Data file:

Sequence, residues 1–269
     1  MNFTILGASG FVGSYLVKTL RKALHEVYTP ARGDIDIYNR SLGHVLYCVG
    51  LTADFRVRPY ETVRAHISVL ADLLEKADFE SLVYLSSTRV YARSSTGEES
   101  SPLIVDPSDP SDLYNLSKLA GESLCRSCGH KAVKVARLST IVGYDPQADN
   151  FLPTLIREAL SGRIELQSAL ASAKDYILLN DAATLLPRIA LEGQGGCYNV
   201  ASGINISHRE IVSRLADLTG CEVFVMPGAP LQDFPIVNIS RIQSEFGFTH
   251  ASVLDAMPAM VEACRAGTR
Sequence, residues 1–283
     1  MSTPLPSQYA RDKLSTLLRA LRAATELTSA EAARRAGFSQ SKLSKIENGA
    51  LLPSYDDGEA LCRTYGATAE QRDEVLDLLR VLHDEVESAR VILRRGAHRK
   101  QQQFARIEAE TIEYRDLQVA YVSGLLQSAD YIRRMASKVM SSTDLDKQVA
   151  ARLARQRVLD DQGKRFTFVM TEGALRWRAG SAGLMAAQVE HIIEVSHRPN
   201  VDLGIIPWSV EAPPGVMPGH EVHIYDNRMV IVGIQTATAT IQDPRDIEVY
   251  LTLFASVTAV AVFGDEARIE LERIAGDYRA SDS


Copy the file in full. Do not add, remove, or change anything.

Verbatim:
Sequence, residues 1–269
     1  MNFTILGASG FVGSYLVKTL RKALHEVYTP ARGDIDIYNR SLGHVLYCVG
    51  LTADFRVRPY ETVRAHISVL ADLLEKADFE SLVYLSSTRV YARSSTGEES
   101  SPLIVDPSDP SDLYNLSKLA GESLCRSCGH KAVKVARLST IVGYDPQADN
   151  FLPTLIREAL SGRIELQSAL ASAKDYILLN DAATLLPRIA LEGQGGCYNV
   201  ASGINISHRE IVSRLADLTG CEVFVMPGAP LQDFPIVNIS RIQSEFGFTH
   251  ASVLDAMPAM VEACRAGTR
Sequence, residues 1–283
     1  MSTPLPSQYA RDKLSTLLRA LRAATELTSA EAARRAGFSQ SKLSKIENGA
    51  LLPSYDDGEA LCRTYGATAE QRDEVLDLLR VLHDEVESAR VILRRGAHRK
   101  QQQFARIEAE TIEYRDLQVA YVSGLLQSAD YIRRMASKVM SSTDLDKQVA
   151  ARLARQRVLD DQGKRFTFVM TEGALRWRAG SAGLMAAQVE HIIEVSHRPN
   201  VDLGIIPWSV EAPPGVMPGH EVHIYDNRMV IVGIQTATAT IQDPRDIEVY
   251  LTLFASVTAV AVFGDEARIE LERIAGDYRA SDS